The clock is ticking for the roughly 1.5 million Ohioans who rely on The Supplemental Nutrition Assistance Program, also known as SNAP to eat.
Lawmakers are expected to pass a version of the farm bill that would increase work requirements to be eligible for the program, which experts say would cause big problems in Ohio.
Even when he's helping hand out much-needed food to people who need it, Alphonzo Robinson would much rather be somewhere else.
"I come here because I need to come to get the food stamps," said Robinson. "I'd rather be at a job, somewhere working, but I don't have a job right now."
The work he does at the May Dugan Center satisfies his current work requirements to make sure he can get his $192 of benefits a month through the program. Even then, he says it barely puts food on the table.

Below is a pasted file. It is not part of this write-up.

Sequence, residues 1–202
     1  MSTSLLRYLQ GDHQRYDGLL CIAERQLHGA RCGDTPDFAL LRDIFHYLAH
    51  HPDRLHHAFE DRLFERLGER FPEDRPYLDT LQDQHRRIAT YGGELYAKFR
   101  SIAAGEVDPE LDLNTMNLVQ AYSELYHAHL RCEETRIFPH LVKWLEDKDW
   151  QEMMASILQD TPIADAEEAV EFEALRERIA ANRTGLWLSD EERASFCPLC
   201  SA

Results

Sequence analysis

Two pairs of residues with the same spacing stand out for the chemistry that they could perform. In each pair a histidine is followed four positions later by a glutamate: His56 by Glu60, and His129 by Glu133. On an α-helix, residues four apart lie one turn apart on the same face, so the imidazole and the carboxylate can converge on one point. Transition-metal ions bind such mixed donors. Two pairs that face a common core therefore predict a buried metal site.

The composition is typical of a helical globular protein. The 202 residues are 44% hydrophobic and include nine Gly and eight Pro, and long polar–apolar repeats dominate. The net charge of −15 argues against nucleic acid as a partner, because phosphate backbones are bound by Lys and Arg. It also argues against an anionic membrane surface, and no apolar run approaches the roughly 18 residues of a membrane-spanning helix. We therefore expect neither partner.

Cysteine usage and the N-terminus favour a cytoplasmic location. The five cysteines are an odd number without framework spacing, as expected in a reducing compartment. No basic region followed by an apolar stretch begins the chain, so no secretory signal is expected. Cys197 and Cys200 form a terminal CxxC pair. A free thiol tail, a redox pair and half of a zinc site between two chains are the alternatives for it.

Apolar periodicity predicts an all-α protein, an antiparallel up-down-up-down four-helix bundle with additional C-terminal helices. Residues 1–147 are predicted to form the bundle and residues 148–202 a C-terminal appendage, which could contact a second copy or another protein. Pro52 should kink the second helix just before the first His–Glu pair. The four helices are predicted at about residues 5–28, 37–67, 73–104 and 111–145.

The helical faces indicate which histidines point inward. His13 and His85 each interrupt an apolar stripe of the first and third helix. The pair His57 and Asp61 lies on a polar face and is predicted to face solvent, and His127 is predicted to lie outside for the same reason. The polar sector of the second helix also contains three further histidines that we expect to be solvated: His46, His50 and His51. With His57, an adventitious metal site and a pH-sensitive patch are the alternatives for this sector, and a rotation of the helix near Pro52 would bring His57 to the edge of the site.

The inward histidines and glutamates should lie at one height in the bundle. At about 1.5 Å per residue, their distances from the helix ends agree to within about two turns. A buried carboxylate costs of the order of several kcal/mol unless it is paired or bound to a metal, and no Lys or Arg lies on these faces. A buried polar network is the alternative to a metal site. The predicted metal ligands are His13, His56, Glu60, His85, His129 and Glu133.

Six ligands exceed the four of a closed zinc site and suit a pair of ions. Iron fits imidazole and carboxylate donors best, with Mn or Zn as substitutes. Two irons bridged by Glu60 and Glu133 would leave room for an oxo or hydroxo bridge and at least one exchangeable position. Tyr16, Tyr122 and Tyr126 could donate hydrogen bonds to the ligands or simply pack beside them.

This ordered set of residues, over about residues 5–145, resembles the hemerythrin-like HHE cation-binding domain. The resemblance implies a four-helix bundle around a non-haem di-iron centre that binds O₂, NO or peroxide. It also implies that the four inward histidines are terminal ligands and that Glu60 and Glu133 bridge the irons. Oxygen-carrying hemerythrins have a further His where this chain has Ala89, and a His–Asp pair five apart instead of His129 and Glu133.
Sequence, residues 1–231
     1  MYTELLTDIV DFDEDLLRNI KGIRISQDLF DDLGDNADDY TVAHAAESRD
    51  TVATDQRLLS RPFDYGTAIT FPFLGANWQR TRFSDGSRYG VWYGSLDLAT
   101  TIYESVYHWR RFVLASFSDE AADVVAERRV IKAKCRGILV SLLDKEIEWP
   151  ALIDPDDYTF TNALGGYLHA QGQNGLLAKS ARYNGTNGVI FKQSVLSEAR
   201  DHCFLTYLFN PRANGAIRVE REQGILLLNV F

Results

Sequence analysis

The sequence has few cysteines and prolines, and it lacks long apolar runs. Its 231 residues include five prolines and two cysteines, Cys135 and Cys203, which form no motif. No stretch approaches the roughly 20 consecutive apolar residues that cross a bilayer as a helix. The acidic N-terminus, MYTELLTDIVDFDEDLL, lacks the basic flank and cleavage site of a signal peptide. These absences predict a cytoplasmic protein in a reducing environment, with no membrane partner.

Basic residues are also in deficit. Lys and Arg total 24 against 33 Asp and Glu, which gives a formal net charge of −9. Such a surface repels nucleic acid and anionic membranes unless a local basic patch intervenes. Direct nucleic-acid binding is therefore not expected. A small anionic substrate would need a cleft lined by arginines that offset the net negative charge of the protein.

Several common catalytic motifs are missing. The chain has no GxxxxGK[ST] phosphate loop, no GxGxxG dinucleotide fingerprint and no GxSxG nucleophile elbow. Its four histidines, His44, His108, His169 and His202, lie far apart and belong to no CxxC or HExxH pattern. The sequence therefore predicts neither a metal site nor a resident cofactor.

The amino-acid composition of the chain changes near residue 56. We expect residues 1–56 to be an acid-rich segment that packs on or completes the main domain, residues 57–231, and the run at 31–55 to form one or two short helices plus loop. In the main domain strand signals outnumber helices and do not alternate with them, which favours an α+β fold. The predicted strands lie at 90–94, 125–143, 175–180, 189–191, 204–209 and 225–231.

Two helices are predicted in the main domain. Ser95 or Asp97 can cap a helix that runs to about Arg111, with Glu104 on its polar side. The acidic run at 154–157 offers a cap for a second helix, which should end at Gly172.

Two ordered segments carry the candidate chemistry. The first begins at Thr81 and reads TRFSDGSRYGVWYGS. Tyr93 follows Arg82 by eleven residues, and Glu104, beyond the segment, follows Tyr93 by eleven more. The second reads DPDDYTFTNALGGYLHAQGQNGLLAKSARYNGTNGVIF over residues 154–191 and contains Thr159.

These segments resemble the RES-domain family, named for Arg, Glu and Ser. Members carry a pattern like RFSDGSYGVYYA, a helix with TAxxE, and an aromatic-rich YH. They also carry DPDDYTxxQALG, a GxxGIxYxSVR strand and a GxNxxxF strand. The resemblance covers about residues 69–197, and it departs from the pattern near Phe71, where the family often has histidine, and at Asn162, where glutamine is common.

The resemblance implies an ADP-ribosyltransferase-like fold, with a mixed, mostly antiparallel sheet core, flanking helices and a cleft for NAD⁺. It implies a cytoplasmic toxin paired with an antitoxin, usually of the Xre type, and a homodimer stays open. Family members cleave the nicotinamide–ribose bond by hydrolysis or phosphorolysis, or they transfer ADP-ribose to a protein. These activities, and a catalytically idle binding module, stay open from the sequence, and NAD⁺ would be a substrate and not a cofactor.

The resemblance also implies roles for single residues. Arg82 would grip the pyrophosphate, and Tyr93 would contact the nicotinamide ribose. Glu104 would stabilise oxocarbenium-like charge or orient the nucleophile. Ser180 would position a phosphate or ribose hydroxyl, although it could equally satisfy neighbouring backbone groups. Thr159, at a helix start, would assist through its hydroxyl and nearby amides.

"That can't even feed me a whole month," said Robinson. "That's gone the first two weeks."
"That means there'd be more hungry northeast Ohioans," said Greater Cleveland Food Bank President and C.E.O. Kristin Warzocha.
The latest version of the bill would:
- Expand the age group required to work from 18-49 to 18-59
- Increase the number of hours they'd have to work from 20 hours to 25 hours a week
- Reduce the time someone could be unemployed before work requirements kick in from three months to one
"It's hard to find a job," said Warzocha. "It takes more than 30 days and so it really kind of feels like kicking someone when they're down."
Warzocha says SNAP provides 12 meals for every one meal the Greater Cleveland Food Bank serves. She estimates they'd have to triple their output to make up for the changes if the new bill passes, meaning there's no way they'd be able to keep up.